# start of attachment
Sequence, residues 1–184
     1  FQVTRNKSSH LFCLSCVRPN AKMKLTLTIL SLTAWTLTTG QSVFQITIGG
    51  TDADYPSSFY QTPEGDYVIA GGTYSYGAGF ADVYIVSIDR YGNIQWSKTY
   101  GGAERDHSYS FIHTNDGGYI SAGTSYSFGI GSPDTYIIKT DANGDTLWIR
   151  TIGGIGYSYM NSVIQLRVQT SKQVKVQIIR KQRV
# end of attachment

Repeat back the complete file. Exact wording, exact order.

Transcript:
Sequence, residues 1–184
     1  FQVTRNKSSH LFCLSCVRPN AKMKLTLTIL SLTAWTLTTG QSVFQITIGG
    51  TDADYPSSFY QTPEGDYVIA GGTYSYGAGF ADVYIVSIDR YGNIQWSKTY
   101  GGAERDHSYS FIHTNDGGYI SAGTSYSFGI GSPDTYIIKT DANGDTLWIR
   151  TIGGIGYSYM NSVIQLRVQT SKQVKVQIIR KQRV